Welcome back to our series Ask Angella, where we do exactly that.

If you’ve ever had a potentially sensitive creative question, we want you to throw it our way so that we can hand it over to Angella: our resident art writer, expert, and all-around kind, funny and wise human being. Here’s the question we’ll tackle this month:

“I know that I need to be using social platforms to promote my work, but honestly it’s really overwhelming—Instagram’s confusing algorithms alone are enough to make me want to give up and go off the grid. Can you give me some simple, straight forward, ACTUALLY helpful tips on how to use social media in a way that works and won’t melt my brain??”

For the shy artist, networking might sound like the last thing you’d want to do. But in our digital age, networking can be as easy as opening Instagram. I asked social media specialist Grace Lee what the top four most important things to remember when navigating social media in order to leverage your influence as an artist.

Macrame Babe by Rachel Jo

Plant Collection by Ashleigh Green

Understand your brand (no rhyme intended!)

As averse as you may be to it, social media is a necessary evil. It’s also an incredible tool to show the world your work. “Branding is such an annoying word but it’s relevant if you’re trying to market yourself,” says Grace. Start simple. Ask yourself who your audience is. If you’re trying to sell your work, consider pros and cons, take some risks and see which posts are successful and which slip through the cracks. If the word branding sets your teeth on edge, think about it this way: If you had to describe yourself and your work in three words what would they be? What colors do you use the most? What kind of subjects do you photograph? What’s your style? Think hard about what you make and why you make it and envision social media posts as an extension of your oeuvre.

All the People by Sarah Underwood

Consistency is key

Once you’ve made a loose sketch of your brand, decide how often you want to post. Now that social media is ruled by phantom, in-the-cloud algorithms, posting more often seems to be the way to appear in your followers’ feeds regularly. However, pleeeeease avoid over-posting and try and give each post some space and time to stand alone. I find that the most engaging posts on Instagram are dynamic and spaced apart. Post as much as you want, whether that’s 3x a week or once a day, but stay consistent. If you post everyday, avoid multiple shots of the same place or work over and over, unless you’re showing your process. WIPs (work in progress), for example, are an engaging way to show your fans your progress and how you work. It also keeps people interested and looking forward to your finished product.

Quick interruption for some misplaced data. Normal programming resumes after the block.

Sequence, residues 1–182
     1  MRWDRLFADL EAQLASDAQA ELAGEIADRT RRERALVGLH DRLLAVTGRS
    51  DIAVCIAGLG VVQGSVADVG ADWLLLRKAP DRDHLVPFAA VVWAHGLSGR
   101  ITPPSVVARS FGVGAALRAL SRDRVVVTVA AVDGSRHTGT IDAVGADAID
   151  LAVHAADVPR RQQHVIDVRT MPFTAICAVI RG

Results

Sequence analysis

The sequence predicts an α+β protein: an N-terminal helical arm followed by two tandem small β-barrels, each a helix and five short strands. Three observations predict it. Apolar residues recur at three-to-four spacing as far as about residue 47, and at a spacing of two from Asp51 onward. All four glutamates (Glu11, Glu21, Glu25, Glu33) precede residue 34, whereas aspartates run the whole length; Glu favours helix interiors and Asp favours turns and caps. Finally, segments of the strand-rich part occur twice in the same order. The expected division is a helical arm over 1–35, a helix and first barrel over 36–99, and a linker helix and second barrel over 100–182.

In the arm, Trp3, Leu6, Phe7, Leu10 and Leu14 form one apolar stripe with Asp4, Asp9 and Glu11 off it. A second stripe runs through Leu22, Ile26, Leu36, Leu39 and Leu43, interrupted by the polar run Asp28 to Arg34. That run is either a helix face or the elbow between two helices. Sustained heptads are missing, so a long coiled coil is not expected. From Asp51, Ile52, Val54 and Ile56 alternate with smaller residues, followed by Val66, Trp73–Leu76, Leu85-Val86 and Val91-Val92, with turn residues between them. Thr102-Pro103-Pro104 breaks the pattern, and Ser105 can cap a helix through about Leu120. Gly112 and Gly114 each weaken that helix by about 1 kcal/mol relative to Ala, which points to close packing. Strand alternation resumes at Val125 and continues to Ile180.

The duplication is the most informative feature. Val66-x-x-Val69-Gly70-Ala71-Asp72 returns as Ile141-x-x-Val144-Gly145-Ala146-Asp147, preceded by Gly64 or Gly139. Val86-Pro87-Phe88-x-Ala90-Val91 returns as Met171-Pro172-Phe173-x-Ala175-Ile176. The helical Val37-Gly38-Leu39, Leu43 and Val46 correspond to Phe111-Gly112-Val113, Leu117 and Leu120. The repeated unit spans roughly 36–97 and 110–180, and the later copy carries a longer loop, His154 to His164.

A Cute Bathroom by imakegirls

Social Anxiety by itsthespacebetween

Logistics

Take advantage of how often everyone is on their phone so think bite-size (or rather, phone size). People are on the go and scrolling mindlessly, so think–what would grab your attention? Utilize insta stories or Snapchats for timely announcements, flash sales, and links. It’s also a chance to let people see what you’re up to when you take breaks from working, which leads me to our next point…

Be yourself

Show us your personality! We like you! “Authenticity is everything; people can smell an ad from miles away,” says Grace. Let your captions be casual and don’t be afraid to speak your mind or crack a joke. What inspires you? Not every post needs to be of your or your work. I personally love it when I see what an artist I admire sees throughout the week. Whether that’s a museum trip, or a gift shop in Chinatown, funky mugs from the thrift store, all those snapshots give us a peek into your creative mind and connect it to your and the art. You are human, after all.

The Bleachers by Louise Delfin

Walk Art Print

by Olga Hashim

$15.99

Holding On Art Print

by Caroline W. Illustration

$19.99

Problem Solved Art Print

by Tyler Spangler

$34.99

Shibuya Street Crossing Crowd Art Print

by Vin Ganapathy

$19.99

Stephanie Dixon

Society6 Editor

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